Iran Say, U.S. Says: Conflicting Accounts of Sanctions in Nuclear Deal

2015-04-06T170607Z_1278734187_GF10000051114_RTRMADP_3_IRAN-NUCLEAR
U.S. Secretary of Energy Ernest Moniz (R) discusses the recent preliminary nuclear deal between Iran and six world powers during the White House daily briefing in Washington April 6, 2015. Gary Cameron/Reuters

(Reuters) - After Iran and world powers agreed last week to a framework deal on curbing Iran's nuclear program in return for sanctions relief, Tehran and Washington seem to have different interpretations over how that will be done.

Many details must still be hammered out, including the pace and extent of sanctions removal, ahead of an end-June deadline for a final deal.

Below is a summary of U.S. and Iranian accounts on how quickly sanctions would be removed in case of a deal.

U.S. VIEW

According to a 'fact sheet' released by the United States after the framework deal was announced, "Iran will receive sanctions relief, if it verifiably abides by its commitments."

U.S. and European sanctions related to Iran's nuclear program will be suspended after the International Atomic Energy Agency verifies that Iran has met all its commitments under the agreement. Sanctions can "snap back" if Iran "fails to fulfill its commitments."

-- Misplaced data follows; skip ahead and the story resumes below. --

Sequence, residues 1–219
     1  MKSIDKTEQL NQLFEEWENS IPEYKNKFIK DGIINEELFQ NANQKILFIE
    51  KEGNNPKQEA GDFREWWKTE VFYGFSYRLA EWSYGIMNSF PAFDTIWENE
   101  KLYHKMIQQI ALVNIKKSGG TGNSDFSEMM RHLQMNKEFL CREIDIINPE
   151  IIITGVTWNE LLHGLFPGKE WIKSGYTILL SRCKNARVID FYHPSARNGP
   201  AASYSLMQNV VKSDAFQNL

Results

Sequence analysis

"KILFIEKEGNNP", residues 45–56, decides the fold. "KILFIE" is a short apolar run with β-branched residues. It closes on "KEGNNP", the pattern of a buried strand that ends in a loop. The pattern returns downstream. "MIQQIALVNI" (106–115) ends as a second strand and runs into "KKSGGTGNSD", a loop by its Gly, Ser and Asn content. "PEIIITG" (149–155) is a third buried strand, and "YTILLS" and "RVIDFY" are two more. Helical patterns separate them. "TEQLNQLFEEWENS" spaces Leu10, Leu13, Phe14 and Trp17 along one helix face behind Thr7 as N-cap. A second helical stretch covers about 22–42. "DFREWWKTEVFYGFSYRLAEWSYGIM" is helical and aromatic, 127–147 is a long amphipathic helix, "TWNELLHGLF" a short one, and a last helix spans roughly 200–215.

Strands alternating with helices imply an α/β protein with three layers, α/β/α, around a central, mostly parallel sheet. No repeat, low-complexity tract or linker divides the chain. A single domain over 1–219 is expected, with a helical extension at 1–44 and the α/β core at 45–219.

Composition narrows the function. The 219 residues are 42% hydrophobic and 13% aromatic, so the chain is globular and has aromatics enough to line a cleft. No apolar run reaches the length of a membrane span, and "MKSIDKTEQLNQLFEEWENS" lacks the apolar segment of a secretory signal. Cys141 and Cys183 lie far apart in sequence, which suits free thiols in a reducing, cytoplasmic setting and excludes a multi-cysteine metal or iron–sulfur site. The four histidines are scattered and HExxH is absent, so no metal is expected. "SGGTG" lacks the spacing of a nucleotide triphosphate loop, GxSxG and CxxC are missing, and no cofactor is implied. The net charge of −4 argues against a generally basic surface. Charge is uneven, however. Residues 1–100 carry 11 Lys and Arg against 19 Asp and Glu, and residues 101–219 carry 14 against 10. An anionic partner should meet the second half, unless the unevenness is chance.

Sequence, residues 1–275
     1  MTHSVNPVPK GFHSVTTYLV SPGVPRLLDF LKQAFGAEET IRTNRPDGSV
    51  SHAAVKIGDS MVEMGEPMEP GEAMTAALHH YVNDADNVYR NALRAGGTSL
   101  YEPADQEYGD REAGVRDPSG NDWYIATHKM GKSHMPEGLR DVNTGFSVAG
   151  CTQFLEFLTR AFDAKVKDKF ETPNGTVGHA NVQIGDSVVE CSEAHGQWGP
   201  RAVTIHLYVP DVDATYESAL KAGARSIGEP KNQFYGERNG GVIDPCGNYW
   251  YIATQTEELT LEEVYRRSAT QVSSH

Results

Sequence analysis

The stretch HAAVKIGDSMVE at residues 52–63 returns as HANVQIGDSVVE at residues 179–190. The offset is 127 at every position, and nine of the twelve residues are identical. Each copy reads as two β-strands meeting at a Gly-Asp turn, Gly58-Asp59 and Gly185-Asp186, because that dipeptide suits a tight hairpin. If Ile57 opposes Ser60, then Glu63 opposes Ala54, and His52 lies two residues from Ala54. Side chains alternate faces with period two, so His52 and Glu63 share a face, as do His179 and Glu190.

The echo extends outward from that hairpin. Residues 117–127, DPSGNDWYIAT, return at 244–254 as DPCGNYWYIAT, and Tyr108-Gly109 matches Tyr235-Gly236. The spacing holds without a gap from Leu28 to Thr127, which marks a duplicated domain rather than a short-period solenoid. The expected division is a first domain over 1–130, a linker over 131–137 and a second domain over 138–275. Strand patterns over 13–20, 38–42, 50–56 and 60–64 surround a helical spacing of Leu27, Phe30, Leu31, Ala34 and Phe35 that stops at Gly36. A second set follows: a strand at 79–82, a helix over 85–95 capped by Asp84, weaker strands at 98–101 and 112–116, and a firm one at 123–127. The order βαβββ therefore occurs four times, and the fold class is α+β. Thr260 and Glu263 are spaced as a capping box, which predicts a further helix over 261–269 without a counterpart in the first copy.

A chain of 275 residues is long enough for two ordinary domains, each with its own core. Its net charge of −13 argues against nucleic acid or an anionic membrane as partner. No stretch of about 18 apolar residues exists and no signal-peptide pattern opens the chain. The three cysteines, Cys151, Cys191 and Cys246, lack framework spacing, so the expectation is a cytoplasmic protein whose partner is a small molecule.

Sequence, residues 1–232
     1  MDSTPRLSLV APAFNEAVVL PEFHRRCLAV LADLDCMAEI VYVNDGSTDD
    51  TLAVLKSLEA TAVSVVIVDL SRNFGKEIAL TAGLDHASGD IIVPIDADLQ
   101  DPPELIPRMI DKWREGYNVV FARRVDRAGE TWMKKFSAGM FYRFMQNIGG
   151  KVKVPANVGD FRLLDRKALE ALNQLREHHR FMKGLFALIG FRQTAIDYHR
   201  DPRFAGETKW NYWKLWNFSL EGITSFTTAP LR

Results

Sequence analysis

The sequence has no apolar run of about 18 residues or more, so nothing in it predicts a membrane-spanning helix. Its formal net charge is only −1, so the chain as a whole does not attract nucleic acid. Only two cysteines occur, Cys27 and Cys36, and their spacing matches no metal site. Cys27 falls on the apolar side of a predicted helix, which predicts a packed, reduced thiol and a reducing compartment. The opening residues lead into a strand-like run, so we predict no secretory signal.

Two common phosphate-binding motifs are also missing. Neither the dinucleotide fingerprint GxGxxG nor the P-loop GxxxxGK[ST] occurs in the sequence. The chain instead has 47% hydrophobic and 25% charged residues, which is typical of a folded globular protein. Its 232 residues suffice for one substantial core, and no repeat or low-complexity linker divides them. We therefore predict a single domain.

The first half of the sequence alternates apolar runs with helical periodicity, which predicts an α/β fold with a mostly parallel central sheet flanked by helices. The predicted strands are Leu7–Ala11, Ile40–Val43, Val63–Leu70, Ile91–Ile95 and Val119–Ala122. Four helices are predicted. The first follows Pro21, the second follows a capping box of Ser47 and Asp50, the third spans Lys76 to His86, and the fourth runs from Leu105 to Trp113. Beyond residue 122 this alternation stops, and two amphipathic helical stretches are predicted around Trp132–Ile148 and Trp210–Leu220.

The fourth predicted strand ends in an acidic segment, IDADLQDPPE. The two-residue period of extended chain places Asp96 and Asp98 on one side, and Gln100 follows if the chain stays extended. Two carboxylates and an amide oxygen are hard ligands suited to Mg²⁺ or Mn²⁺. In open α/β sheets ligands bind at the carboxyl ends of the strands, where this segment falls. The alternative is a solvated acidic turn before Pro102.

U.N. Security Council resolutions related to Iran's nuclear program will be lifted "simultaneous with the completion, by Iran, of nuclear-related actions addressing all key concerns (enrichment, Fordow, Arak, PMD, and transparency)."

U.S. officials have said the suspension of sanctions will take months to a year, depending on confirmation of Iran's compliance with a final deal.

(Sources: Reuters, U.S. State Department)

IRAN'S VIEW

Iran's top negotiators have repeatedly said that sanctions relief would not be implemented in phases, as claimed by the United States. Instead, the Iranians insist, all nuclear-related United Nations resolutions, as well as U.S. and EU nuclear-related economic and financial sanctions, will be lifted immediately once a comprehensive nuclear accord is signed.

Iranian foreign minister Mohammad Javad Zarif has disputed the U.S. 'fact sheet,' saying he had protested the issue with U.S. Secretary of State John Kerry.

An Iranian version of a 'fact sheet' released to Iranian media following the framework accord said the following: "After the implementation of the Comprehensive Joint Plan of Action, all of the U.N. Security Council resolutions will be revoked, and all of the multilateral economic and financial sanctions by the EU and unilateral sanctions by the United States, including financial, banking, insurance, investment, and all related services in various fields including oil, gas, petrochemicals, and automobile manufacturing will immediately be annulled."

The Iranian statement adds: "Sanctions against real and legal individuals, organizations, government and private institutions under related nuclear sanctions on Iran including the Central Bank, other financial and banking institutions, SWIFT, Islamic Republic shipping and airlines, and oil shipping will immediately be lifted in a comprehensive manner."